4 Ways Company Culture Can Secure Top Tech Talent - InformationWeek

InformationWeek is part of the Informa Tech Division of Informa PLC

This site is operated by a business or businesses owned by Informa PLC and all copyright resides with them.Informa PLC's registered office is 5 Howick Place, London SW1P 1WG. Registered in England and Wales. Number 8860726.

IoT
IoT
IT Leadership // Team Building & Staffing
News
8/15/2016
10:06 AM
50%
50%

4 Ways Company Culture Can Secure Top Tech Talent

University researchers examined employee reviews on IT job search site Glasssdoor to identify the corporate cultures most likely to attract top tech talent and improve bottom line results.

9 Tips For Hiring Data Science Talent
9 Tips For Hiring Data Science Talent
(Click image for larger view and slideshow.)

A study examined scores of employee reviews on IT job search site Glassdoor to identify the four corporate culture traits most attractive to top-notch tech talent.

The study, conducted by researchers at the University of Liechtenstein and the IT University of Copenhagen, used a sophisticated machine learning model to examine 112,610 employee reviews posted on Glassdoor about companies in the information technology (IT) industry.

Researchers determined the companies most associated with high morale among IT employees were the ones described in employee reviews as:

  • fast-paced
  • having a culture of learning
  • providing a good offering of career opportunities
  • having a non-bureaucratic structure

In a blog post about the research, Dr. Andrew Chamberlain, Glassdoor's chief economist, wrote: "By contrast, themes like 'gender inequality,' 'bad management,' and 'short-term focus' were linked to significantly lower employee morale. This research is groundbreaking because it offers employers a new way to scientifically assess their employer brand and culture that relies only on crowd-sourced employee sentiment."

[Looking for your next gig? Read 10 Best Tech Companies to Work for in 2016.]

If your company currently does not lend itself to these four cultural traits, but you want to make a business case for steering your organization in this direction, you might take note of another study that explored whether high employee morale leads to better financial performance.

The University of Las Palmas de Gran Canaria examined 60,990 Glassdoor reviews about 475 companies to see if there was a statistical link between "star" ratings on Glassdoor and several measures of financial performance, including company return on assets, operating margins, and revenue per employee.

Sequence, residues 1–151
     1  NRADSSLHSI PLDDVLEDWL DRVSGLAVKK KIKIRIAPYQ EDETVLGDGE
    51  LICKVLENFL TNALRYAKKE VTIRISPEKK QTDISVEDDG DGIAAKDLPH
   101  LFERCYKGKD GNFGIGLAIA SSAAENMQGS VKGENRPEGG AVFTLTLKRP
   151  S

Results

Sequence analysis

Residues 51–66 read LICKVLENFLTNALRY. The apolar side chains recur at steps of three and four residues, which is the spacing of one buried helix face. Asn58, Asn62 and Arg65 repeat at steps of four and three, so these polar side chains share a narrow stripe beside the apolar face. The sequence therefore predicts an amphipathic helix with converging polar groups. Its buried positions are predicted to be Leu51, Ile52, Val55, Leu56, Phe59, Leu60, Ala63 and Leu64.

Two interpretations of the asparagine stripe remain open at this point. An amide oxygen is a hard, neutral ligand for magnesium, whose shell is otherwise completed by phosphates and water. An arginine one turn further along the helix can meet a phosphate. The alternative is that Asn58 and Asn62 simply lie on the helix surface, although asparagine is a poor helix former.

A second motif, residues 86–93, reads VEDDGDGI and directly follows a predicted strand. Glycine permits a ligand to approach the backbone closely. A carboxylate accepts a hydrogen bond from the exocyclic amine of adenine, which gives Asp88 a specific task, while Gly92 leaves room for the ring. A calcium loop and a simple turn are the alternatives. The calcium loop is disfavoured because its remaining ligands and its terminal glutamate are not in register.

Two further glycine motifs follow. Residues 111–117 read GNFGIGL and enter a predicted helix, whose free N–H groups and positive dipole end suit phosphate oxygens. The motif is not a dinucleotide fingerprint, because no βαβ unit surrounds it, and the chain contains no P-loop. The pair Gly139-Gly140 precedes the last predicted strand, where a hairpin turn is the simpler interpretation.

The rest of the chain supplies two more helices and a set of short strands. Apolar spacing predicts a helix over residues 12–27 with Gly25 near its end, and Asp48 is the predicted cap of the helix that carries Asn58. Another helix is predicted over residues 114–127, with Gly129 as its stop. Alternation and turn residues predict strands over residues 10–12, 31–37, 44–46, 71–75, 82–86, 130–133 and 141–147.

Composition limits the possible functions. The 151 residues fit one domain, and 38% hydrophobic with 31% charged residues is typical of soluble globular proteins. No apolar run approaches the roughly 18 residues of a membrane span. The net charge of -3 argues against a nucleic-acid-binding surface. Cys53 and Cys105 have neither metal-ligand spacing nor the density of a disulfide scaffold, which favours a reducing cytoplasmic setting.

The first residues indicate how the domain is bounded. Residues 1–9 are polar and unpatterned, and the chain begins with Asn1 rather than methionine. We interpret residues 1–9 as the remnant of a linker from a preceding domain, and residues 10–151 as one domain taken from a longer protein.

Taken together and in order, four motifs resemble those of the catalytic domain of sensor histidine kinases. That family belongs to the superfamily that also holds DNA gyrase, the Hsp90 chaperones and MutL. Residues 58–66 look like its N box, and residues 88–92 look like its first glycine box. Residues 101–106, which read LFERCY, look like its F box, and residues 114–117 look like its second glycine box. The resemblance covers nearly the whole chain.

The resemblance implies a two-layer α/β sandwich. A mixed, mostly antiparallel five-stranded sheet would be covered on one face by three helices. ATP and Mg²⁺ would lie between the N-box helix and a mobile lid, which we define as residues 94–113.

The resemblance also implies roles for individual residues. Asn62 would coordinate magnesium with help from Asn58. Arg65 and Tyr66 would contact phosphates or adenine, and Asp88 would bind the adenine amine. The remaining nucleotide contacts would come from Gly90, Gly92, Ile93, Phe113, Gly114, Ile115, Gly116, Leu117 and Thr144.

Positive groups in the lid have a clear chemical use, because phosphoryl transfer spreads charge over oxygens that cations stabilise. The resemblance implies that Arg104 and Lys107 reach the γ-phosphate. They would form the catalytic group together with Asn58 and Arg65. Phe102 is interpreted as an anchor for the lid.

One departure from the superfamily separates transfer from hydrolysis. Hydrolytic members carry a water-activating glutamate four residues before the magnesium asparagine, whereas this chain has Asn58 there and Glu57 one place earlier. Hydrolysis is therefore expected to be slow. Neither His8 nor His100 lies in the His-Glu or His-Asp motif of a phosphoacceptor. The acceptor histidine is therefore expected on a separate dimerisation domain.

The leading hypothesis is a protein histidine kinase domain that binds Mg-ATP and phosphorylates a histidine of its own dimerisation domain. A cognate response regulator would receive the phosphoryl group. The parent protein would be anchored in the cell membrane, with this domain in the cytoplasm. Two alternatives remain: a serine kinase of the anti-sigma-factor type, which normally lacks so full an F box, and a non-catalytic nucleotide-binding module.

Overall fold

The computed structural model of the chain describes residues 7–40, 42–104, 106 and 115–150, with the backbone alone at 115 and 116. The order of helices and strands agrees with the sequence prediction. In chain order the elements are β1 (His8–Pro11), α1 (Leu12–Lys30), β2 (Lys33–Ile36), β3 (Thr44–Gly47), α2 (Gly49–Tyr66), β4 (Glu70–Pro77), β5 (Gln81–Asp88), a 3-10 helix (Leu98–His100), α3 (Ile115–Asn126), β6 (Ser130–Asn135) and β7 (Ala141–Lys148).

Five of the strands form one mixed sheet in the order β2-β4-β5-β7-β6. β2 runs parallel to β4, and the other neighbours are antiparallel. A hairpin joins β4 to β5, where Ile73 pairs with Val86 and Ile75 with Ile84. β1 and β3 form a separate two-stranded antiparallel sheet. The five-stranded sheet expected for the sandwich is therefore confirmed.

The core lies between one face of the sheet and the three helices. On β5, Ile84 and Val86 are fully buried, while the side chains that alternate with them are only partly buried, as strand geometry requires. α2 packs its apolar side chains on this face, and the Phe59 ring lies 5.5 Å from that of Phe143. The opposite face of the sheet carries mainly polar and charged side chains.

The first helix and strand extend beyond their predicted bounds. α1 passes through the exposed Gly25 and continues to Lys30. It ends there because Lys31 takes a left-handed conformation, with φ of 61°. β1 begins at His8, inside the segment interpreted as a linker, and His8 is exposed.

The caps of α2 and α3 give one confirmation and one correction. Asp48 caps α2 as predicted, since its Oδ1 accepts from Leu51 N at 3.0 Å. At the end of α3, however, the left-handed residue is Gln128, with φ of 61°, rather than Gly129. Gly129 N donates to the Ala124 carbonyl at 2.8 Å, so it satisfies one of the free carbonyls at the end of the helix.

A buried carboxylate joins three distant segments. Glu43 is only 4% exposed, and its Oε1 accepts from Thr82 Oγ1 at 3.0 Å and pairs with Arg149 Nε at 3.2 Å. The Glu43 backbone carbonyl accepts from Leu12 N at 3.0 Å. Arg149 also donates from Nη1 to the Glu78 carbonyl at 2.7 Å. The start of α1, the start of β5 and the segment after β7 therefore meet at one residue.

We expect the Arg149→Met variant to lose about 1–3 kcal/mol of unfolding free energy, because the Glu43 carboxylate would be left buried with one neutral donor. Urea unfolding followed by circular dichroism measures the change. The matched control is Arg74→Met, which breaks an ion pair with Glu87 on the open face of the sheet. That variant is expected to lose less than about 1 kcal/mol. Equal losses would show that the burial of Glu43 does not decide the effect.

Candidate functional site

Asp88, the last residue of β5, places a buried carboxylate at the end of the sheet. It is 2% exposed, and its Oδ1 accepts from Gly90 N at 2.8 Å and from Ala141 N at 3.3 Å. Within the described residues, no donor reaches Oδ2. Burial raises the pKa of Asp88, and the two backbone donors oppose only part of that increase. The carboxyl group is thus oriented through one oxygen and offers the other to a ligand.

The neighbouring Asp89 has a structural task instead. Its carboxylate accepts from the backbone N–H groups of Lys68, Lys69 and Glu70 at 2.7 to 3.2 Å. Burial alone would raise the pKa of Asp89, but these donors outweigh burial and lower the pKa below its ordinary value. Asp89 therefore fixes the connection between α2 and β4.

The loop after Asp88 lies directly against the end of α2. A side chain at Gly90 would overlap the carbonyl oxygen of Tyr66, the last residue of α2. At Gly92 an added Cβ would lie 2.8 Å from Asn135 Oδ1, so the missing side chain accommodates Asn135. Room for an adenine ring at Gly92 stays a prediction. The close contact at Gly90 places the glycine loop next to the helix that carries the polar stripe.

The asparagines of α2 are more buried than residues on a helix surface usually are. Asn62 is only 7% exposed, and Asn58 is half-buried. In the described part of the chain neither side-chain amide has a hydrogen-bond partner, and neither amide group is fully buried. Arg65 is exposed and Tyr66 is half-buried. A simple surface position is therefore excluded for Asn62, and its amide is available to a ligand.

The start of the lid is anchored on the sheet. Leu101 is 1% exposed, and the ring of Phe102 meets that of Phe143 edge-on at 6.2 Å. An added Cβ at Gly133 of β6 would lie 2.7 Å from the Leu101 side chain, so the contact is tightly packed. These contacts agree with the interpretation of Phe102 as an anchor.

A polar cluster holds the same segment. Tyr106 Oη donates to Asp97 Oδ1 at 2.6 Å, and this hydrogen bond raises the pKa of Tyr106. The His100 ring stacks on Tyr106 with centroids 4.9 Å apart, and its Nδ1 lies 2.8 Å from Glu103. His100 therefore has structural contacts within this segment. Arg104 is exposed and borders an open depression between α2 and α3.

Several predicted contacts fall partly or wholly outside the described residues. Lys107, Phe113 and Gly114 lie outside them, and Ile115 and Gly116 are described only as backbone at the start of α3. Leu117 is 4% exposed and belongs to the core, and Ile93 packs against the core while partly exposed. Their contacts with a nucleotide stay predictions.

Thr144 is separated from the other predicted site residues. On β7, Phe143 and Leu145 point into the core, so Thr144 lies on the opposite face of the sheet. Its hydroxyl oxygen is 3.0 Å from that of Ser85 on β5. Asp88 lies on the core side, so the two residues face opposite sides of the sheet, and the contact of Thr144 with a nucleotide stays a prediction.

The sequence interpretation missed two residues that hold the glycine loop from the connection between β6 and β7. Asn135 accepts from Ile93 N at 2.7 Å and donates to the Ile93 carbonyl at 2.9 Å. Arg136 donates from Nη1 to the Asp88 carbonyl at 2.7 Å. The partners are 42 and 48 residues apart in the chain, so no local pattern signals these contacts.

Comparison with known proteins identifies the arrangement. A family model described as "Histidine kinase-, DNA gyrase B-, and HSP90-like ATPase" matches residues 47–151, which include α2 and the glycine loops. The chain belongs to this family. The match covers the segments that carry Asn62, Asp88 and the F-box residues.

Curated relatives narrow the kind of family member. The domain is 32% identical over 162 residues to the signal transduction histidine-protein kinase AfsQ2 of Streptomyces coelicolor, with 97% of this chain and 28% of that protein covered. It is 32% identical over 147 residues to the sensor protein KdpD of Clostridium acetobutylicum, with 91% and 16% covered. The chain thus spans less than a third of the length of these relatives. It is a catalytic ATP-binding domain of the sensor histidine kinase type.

The University of Las Palmas study found correlation between firm financial performance and employee satisfaction, particularly high satisfaction with senior leadership, compensation, and benefits.

(Image: vgajic/iStockphoto)

(Image: vgajic/iStockphoto)

"To economists, the holy grail of workplace culture is knowing whether more satisfied workers actually lead to better financial performance," Chamberlain noted in his blog post. "Ultimately, that is the core question facing C-suite executives making decisions about whether to invest in improving their corporate culture."

There's one caveat, though: Companies that received high employee ratings on Glassdoor for work-life balance generally had lower-than-average financial performance, according to the University Of Las Palmas study.

Nonetheless, work-life balance is valued among employees, and could ultimately be one of the cultural traits a hiring manager can use to clinch a deal to bring aboard a highly skilled IT worker.

Dawn Kawamoto is an Associate Editor for Dark Reading, where she covers cybersecurity news and trends. She is an award-winning journalist who has written and edited technology, management, leadership, career, finance, and innovation stories for such publications as CNET's ... View Full Bio

We welcome your comments on this topic on our social media channels, or [contact us directly] with questions about the site.
Comment  | 
Print  | 
More Insights
Comments
Newest First  |  Oldest First  |  Threaded View
SaneIT
50%
50%
SaneIT,
User Rank: Ninja
8/17/2016 | 10:57:10 AM
This raises some questions
"There's one caveat, though: Companies that received high employee ratings on Glassdoor for work-life balance generally had lower-than-average financial performance, according to the University Of Las Palmas study."

That makes me wonder though if financial performance results in higher longevity for a company.  Does a lower than average financial performance for a company mean employees tend to work for lower wages?  Does the work life balance come because a company puts more emphasis on their employees and less on the bottom dollar?  
Slideshows
9 Steps Toward Ethical AI
Cynthia Harvey, Freelance Journalist, InformationWeek,  5/15/2019
Commentary
How to Assess Digital Transformation Efforts
Lisa Morgan, Freelance Writer,  5/14/2019
Commentary
Is AutoML the Answer to the Data Science Skills Shortage?
Guest Commentary, Guest Commentary,  5/10/2019
White Papers
Register for InformationWeek Newsletters
Video
Current Issue
A New World of IT Management in 2019
This IT Trend Report highlights how several years of developments in technology and business strategies have led to a subsequent wave of changes in the role of an IT organization, how CIOs and other IT leaders approach management, in addition to the jobs of many IT professionals up and down the org chart.
Slideshows
Flash Poll